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Garda Commissioner Nóirín O’Sullivan retires

Monday, 11th September, 2017 11:39am

Garda Commissioner Nóirín O’Sullivan yesterday announced her shock retirement from An Garda Síochána with immediate effect. 

Ms O’Sullivan notified Taoiseach Leo Varadkar and Justice Minister Charlie Flanagan yesterday afternoon.

The moves comes after several policing controversies. These included the falsification of garda breath tests and financial irregularities at the Garda College in Templemore. 

In a statement she said: “The support for me to continue in the role is evident. However, I devoted much of my summer break to considering if continuing would be the right thing to do. It has become clear, over the last year, that the core of my job is now about responding to an unending cycle of requests, questions, instructions and public hearings involving various agencies including the Public Accounts Committee, the Justice and Equality Committee, the Policing Authority, and various other inquiries, and dealing with inaccurate commentary surrounding all of these matters. 

“They are all part of a new – and necessary – system of public accountability. But when a Commissioner is trying – as I’ve been trying – to implement the deep cultural and structural reform that is necessary to modernise and reform an organisation of 16,000 people and rectify the failures and mistakes of the past, the difficulty is that the vast majority of her time goes, not to implementing the necessary reforms and meeting the obvious policing and security challenges, but to dealing with this unending cycle.”

The Commissioner expressed the hope that her successor would be given the space and necessary supports in which to do the job, build on the platform that has been developed over the last three years, and move forward the Garda Modernisation and Renewal Programme, which it is hoped will see An Garda Síochána become a beacon of 21st century policing.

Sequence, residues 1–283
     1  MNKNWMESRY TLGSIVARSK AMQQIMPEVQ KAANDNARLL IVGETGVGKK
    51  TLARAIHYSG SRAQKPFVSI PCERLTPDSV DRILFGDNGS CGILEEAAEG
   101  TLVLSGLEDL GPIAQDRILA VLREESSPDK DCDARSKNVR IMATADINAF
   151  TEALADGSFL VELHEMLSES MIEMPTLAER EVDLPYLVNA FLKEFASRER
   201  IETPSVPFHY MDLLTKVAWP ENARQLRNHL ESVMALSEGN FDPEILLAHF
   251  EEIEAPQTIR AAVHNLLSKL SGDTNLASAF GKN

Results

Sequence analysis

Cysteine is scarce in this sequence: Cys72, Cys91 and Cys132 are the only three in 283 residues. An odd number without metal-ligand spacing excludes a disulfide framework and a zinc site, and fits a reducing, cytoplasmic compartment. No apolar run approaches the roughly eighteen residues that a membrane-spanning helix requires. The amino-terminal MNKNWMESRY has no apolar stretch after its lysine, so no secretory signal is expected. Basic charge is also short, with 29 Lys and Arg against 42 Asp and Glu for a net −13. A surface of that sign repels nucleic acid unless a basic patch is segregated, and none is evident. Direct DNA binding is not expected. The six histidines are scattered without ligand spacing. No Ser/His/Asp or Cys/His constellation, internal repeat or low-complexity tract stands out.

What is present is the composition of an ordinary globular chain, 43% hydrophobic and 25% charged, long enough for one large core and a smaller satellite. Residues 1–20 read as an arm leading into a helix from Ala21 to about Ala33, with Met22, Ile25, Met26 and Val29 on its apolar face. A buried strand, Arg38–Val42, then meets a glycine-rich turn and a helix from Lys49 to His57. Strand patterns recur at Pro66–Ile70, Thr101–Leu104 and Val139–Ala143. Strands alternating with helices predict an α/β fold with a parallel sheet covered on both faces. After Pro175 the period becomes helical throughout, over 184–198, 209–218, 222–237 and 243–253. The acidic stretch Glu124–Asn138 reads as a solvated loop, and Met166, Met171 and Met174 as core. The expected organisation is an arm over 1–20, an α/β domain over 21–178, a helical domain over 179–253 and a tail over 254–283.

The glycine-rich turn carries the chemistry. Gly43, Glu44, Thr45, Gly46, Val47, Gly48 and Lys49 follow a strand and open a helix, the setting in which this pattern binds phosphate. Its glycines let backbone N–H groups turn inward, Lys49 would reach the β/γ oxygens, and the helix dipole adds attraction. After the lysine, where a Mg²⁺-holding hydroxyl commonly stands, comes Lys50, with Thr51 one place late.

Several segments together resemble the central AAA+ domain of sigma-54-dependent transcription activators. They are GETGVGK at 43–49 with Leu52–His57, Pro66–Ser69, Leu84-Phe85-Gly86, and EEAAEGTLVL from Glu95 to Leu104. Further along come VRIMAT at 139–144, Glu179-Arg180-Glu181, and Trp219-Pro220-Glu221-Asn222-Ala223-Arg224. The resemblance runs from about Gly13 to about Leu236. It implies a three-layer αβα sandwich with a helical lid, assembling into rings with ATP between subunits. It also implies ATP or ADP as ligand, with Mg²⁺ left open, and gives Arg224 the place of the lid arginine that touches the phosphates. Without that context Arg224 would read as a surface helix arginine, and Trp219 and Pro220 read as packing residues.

She also said that she was not leaving her role to take up another job. In early summer, international colleagues, she said, had encouraged her to apply for the top job in Europol. Because it would have been a prestigious appointment for an Irish citizen, she agreed to consider it, but did not proceed with the application.

“I may decide to take on some other interesting and exciting challenge down the line,” she said, but for now her intention is to retire and take some time with her family and adapt to the new phase of her life. 

Reaction 

An Taoiseach Leo Varadkar wished Ms O’Sullivan every success in whatever she does in the years ahead. He said that the Government will now consider how best to accelerate the crucial and essential reform programme in the months and years ahead.

The Cabinet will discuss how best to proceed at its regular meeting on Wednesday.

Justice Minister Charles Flanagan said that in the coming weeks he will consult with the chair of the Policing Authority about a process to identify and appoint a permanent Commissioner to An Garda Síochána.

He said: “I will brief the Government at the next Cabinet meeting. I wish to express my sincere gratitude to Commissioner O’Sullivan and to acknowledge her public service to the State over the course of an accomplished 36 year career in a variety of roles in An Garda Síochána, which ranged from under-cover detective work in Dublin’s inner city in the 1980s to being appointed to the most senior position in the service in March 2014.”

He also said that since the establishment of An Garda Síochána, the role of Commissioner has been a hugely demanding one but “I want to acknowledge that, during Commissioner O’Sullivan’s tenure, she was faced with particularly significant difficulties, many of which had built up over several decades. Commissioner O’Sullivan showed enormous resilience, determination and integrity in addressing those challenges and, in particular, in instituting a radical reform programme to modernise our policing service with the aim of providing the people of Ireland with world-class policing,” he added.

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